Design Week Top 100: All change

With climate change and other shifts high up on the business agenda, the design industry is under pressure to compete responsibly in an increasingly global market. Lynda Relph-Knight looks back over a year of transformation – and welcomes many new entrant

We are constantly reminded by the media that we are living through a time of great change. With recession behind them, UK businesses are seeking new models to counter new challenges from emerging nations, technology continues to affect every aspect of our lives and concerns for the environment have reached new heights, resulting in an unprecedented level of talk about ‘ethical business’, ‘corporate responsibility’ and the like.

Design is part of this change. Like any other commercial sector it is affected by contemporary business issues, but in many instances it has been heralded as a solution to some of these broader business ills. Global expansion, meanwhile, has created the chance for some UK design groups to spread their wings in terms of client base or their own location.

It will be a while before these opportunities have a real effect on the fortunes of design businesses, but the promise is there. Packaging can be minimalised through design, for example, and products can be made more sustainable.

Meanwhile, other shifts in general business practice are causing design groups to rethink their strategies. The area most affected here is communications, with digital media in its various manifestations starting to rival print as a means of communication. It not only saves paper (as long as you don’t print everything out) – it can also reach customers and stakeholders instantly.

Some of these themes run through this year’s Top 100, which charts the fortunes of independent UK consultancies during 2006. There are significant changes this year on a scale we haven’t seen since, four years ago, US legislation – the Sarbanes-Oxley Act prompted by the Enron debacle – forced us to separate out consultancies owned by global marketing services networks such as WPP, Omnicom, InterPublic Group and Havas from the rest.

Brand experience giant Imagination is untouchable at the top of the listings, earning over £20m more in fees than its nearest rival. That rival, Leicester retail specialist Checkland Kindleysides, meanwhile dispels the myth that the high street is ailing and with it retail design groups, having improved its performance by 9 per cent year on year.

We see great strides being made by consultancies across the board, from branding and packaging to product and interiors, with digital design continuing to fulfil expectations of a revival for a sector that was hit hardest by the dotcom bust of 2001. We see some groups sadly wavering as they are not quite able to rise to new challenges – not many of these have been brave enough to put themselves under public scrutiny this year and have opted out of our trawl for data.

More importantly though, we see more new names coming through with about a third of consultancies listed making their Top 100 debut. This may make it difficult to compare performance year on year, but it gives a taster of the future, with thrusting newer groups entering the fray, several with strong creative credentials.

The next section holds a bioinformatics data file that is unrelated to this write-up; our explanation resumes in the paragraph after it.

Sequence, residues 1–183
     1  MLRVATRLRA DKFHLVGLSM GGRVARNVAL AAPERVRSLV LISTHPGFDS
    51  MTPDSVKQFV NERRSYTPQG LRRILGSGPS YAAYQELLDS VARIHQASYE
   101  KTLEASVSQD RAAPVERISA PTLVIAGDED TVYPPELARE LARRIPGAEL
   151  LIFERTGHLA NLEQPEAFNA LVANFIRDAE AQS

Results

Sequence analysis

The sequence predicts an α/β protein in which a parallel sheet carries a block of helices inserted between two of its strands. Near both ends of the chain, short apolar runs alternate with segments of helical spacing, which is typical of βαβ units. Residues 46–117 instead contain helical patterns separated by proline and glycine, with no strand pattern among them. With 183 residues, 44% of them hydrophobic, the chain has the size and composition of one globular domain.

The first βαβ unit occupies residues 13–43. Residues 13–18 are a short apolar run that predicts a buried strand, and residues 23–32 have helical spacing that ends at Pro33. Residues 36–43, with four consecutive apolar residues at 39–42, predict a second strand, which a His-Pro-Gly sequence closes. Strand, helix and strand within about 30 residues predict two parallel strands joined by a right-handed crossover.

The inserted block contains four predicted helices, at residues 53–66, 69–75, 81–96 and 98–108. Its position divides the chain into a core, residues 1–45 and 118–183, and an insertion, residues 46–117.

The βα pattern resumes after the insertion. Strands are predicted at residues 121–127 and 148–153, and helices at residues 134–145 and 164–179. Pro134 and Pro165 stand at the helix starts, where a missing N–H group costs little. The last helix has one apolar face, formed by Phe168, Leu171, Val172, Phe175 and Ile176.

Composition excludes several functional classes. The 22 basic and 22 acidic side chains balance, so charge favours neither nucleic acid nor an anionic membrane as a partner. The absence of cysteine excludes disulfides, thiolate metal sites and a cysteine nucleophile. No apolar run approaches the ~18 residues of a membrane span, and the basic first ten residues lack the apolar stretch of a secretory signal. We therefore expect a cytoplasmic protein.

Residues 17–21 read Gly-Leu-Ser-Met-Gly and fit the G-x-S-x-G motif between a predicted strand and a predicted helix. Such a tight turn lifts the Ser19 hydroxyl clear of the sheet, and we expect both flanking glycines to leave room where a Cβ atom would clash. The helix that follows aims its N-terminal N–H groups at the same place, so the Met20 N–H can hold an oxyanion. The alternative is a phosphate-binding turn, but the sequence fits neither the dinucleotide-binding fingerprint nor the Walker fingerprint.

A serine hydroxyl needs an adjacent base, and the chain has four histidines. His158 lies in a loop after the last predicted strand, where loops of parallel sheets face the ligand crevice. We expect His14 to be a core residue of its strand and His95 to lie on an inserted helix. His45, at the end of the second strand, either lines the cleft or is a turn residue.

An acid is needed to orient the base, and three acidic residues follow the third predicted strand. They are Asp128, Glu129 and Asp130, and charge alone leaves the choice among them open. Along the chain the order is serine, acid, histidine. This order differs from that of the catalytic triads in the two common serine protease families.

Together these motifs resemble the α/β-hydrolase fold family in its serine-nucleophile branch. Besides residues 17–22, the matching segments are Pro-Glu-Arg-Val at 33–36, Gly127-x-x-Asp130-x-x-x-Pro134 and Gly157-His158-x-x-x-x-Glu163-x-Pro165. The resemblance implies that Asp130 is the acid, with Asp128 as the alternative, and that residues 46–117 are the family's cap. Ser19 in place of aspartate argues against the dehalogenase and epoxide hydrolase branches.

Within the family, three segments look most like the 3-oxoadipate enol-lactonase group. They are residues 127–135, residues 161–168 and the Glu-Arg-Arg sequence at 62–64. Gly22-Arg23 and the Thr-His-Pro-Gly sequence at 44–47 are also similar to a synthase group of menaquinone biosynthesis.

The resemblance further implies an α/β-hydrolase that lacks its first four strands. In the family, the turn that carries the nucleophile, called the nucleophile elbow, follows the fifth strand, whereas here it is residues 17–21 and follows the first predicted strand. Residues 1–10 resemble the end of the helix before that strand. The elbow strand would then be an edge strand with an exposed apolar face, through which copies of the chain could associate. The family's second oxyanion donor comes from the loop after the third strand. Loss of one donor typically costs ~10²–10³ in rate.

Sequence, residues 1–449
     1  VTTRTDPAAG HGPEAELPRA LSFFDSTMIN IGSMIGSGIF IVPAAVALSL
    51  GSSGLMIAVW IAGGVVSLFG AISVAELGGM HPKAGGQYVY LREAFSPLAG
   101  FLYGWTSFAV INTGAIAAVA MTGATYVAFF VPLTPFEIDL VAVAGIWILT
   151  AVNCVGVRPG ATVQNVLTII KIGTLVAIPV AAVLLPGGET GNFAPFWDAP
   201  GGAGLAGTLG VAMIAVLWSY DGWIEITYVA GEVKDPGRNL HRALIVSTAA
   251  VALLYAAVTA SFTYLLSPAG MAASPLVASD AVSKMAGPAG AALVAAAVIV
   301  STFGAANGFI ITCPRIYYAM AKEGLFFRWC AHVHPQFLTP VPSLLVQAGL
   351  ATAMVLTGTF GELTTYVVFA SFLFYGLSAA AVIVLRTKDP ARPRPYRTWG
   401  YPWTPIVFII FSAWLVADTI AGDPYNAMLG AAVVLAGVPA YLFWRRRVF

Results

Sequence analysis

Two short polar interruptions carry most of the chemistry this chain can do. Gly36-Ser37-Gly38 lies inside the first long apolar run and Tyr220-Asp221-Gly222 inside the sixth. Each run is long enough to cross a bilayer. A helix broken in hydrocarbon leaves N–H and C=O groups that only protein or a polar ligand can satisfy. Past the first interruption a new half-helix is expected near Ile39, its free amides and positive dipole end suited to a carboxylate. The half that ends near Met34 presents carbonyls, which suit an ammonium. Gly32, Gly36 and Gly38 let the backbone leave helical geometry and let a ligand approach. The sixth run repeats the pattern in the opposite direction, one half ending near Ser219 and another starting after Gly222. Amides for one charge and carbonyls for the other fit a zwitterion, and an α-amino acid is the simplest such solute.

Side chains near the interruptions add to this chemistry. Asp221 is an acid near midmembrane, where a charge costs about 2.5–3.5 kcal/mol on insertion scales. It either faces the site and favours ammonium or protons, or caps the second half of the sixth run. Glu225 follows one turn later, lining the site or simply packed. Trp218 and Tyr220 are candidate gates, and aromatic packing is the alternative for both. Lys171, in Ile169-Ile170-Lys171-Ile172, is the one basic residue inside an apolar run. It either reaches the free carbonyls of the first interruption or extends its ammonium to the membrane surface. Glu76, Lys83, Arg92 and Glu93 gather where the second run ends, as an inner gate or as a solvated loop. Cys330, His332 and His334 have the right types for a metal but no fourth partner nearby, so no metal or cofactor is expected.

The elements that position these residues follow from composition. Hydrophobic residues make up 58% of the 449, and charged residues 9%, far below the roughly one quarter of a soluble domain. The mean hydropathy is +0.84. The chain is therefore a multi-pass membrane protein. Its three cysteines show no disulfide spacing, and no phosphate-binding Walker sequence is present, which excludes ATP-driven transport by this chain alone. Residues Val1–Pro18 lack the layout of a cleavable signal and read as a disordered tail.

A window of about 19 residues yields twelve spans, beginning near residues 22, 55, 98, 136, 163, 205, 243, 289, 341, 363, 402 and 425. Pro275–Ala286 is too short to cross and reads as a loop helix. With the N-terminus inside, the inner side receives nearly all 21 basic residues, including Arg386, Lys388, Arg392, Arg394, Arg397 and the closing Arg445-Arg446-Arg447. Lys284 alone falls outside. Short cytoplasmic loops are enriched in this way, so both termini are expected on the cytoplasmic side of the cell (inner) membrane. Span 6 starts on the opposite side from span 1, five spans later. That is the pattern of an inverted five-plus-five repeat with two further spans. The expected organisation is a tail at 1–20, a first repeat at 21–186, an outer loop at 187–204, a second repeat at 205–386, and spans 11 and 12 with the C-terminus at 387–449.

• No 1 – Brand experience giant Imagination with fee-income of £31.3m
• No 100 – Graphics group 300million with fee-income of £584 000
• Greatest growth in fee-income – Loewy with fees up 51%
• Biggest drop in fee-income – Retail specialist Lumsden Design Partnership with fees down 56%
• Total fee-income – £332.7m – up 10% year on year
• Total turnover – £493.32m – up 9% year on year
• Total staff – 4381, including 1946 UK-based designers and 182 overseas staff

The data included in the charts have been gleaned from a questionnaire, posted on the Design Week website and e-mailed to consultancies on our editorial database. All readers were invited to take part and to submit figures for the 12 months from January to December 2006.

We asked participants to submit figures that were audited or signed off by an independent auditor, as well as a consultancy director, as being in keeping with the company’s accounts.

The Top 100 chart is based on design fees billed through consultancies’ UK offices. These do not include earnings for print handling, property deals, direct marketing, contracting and the like. The ranking is a purely financial measure and takes no account of physical size or creativity, which we will assess in a separate Creative Survey supplement later in the year.

We rank some of the smaller specialist groups not big enough in terms of income to make it into the Top 100, but nonetheless important in their field, in the Specialisms charts covering various disciplines (pages 27 to 37). We also look at efficiency, based on fee-income per head of full-time staff. This doesn’t take account of freelance staff, but gives some indication of how the better-managed groups are faring.

All data has been verified and analysed by Amanda Merron at accountant Willott Kingston Smith. WKS has also compiled a separate chart for the big networks, basing it on the latest financial reports filed at Companies House (see page 55)

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  • Jane Trenaman November 30, -0001 at 12:00 am


    I wanted to enquire as to whether there is a data availalble that breaks down the staff of the Top 10 consultancies broken down by the discipline in which they specialise?

    With thanks,

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